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DNP 835 Topic 1 Discussion Question Two

DNP 835 Topic 1 Discussion Question Two


In this week’s readings, theories of accident causation, human error, foresight, resilience, and system migration were discussed. Identify a safety theory and propose proven quality measures to improve patient safety.

A definition for patient safety has emerged from the health care quality movement that is equally abstract, with various approaches to the more concrete essential components. Patient safety was defined by the IOM as “the prevention of harm to patients.” Emphasis is placed on the system of care delivery that (1) prevents errors; (2) learns from the errors that do occur; and (3) is built on a culture of safety that involves health care professionals, organizations, and patients. The glossary at the AHRQ Patient Safety Network Web site expands upon the definition of prevention of harm: “freedom from accidental or preventable injuries produced by medical care.”

Patient safety practices have been defined as “those that reduce the risk of adverse events related to exposure to medical care across a range of diagnoses or conditions.” This definition is concrete but quite incomplete, because so many practices have not been well studied with respect to their effectiveness in preventing or ameliorating harm. Practices considered to have sufficient evidence to include in the category of patient safety practices are as follows:

DNP 835 Topic 1 Discussion Question Two


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  • Appropriate use of prophylaxis to prevent venous thromboembolism in patients at risk
  • Use of perioperative beta-blockers in appropriate patients to prevent perioperative morbidity and mortality
  • Use of maximum sterile barriers while placing central intravenous catheters to prevent infections
  • Appropriate use of antibiotic prophylaxis in surgical patients to prevent postoperative infections
  • Asking that patients recall and restate what they have been told during the informed-consent process to verify their understanding
  • Continuous aspiration of subglottic secretions to prevent ventilator-associated pneumonia
  • Use of pressure-relieving bedding materials to prevent pressure ulcers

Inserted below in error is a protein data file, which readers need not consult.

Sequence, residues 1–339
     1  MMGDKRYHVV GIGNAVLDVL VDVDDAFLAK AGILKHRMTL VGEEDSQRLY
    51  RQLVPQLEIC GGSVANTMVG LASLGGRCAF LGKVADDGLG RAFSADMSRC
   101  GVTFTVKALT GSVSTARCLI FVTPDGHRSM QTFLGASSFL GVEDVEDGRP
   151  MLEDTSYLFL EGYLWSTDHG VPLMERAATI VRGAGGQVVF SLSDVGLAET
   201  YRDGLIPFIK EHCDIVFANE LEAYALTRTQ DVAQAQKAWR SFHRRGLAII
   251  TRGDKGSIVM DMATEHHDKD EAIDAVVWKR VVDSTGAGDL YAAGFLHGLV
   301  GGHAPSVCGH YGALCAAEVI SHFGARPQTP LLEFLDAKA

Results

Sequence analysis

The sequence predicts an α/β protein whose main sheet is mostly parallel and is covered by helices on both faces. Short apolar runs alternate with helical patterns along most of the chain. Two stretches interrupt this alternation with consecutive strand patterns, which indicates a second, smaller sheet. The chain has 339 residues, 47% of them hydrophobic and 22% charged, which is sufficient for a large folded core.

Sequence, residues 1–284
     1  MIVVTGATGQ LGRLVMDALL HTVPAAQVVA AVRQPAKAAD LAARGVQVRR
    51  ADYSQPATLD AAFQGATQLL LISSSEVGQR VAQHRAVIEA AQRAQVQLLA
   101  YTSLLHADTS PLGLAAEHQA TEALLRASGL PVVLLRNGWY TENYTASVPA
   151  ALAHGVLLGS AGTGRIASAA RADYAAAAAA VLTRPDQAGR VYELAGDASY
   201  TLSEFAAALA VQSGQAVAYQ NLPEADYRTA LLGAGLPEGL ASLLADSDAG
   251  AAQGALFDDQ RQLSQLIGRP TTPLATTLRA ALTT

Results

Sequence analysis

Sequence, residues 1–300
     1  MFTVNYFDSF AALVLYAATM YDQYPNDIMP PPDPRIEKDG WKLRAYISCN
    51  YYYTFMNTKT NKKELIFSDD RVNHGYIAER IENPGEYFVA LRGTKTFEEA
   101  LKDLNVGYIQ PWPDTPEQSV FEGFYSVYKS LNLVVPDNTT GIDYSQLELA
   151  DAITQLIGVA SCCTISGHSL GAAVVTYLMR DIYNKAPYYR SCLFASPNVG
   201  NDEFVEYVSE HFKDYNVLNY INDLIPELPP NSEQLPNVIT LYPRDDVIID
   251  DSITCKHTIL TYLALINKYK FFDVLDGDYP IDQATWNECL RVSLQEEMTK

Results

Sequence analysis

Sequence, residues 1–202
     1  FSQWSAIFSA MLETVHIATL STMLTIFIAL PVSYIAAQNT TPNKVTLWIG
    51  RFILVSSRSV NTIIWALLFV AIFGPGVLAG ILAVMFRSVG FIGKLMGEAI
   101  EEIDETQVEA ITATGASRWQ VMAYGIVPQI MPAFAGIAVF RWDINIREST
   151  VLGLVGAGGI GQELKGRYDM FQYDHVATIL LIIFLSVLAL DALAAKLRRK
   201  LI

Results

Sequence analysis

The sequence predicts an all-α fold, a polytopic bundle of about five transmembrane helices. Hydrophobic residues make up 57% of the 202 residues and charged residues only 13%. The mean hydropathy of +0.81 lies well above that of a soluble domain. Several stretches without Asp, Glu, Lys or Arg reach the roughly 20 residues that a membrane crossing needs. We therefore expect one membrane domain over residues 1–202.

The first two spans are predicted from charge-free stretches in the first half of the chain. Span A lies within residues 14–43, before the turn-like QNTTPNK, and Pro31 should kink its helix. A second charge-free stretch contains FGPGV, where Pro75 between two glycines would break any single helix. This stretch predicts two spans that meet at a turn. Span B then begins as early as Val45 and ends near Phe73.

DNP 835 Topic 1 Discussion Question Two

    DNP 835 Topic 1 Discussion Question Two

  • Use of real-time ultrasound guidance during central line insertion to prevent complications
  • Patient self-management for warfarin (Coumadin®) to achieve appropriate outpatient anticoagulation and prevent complications
  • Appropriate provision of nutrition, with a particular emphasis on early enteral nutrition in critically ill and surgical patients, to prevent complications
  • Use of antibiotic-impregnated central venous catheters to prevent catheter-related infections

Many patient safety practices, such as use of simulators, bar coding, computerized physician order entry, and crew resource management, have been considered as possible strategies to avoid patient safety errors and improve health care processes; research has been exploring these areas, but their remains innumerable opportunities for further research. Review of evidence to date critical for the practice of nursing can be found in later chapters of this Handbook.

The National Quality Forum attempted to bring clarity and concreteness to the multiple definitions with its report, Standardizing a Patient Safety Taxonomy. This framework and taxonomy defines harm as the impact and severity of a process of care failure: “temporary or permanent impairment of physical or psychological body functions or structure.” Note that this classification refers to the negative outcomes of lack of patient safety; it is not a positive classification of what promotes safety and prevents harm. The origins of the patient safety problem are classified in terms of type (error), communication (failures between patient or patient proxy and practitioners, practitioner and nonmedical staff, or among practitioners), patient management (improper delegation, failure in tracking, wrong referral, or wrong use of resources), and clinical performance (before, during, and after intervention).

The types of errors and harm are further classified regarding domain, or where they occurred across the spectrum of health care providers and settings. The root causes of harm are identified in the following terms:

  • Latent failure—removed from the practitioner and involving decisions that affect the organizational policies, procedures, allocation of resources
  • Active failure—direct contact with the patient
  • Organizational system failure—indirect failures involving management, organizational culture, protocols/processes, transfer of knowledge, and external factors
  • Technical failure—indirect failure of facilities or external resources

Finally, a small component of the taxonomy is devoted to prevention or mitigation activities. These mitigation activities can be universal (implemented throughout the organization or health care settings), selective (within certain high-risk areas), or indicated (specific to a clinical or organizational process that has failed or has high potential to fail).

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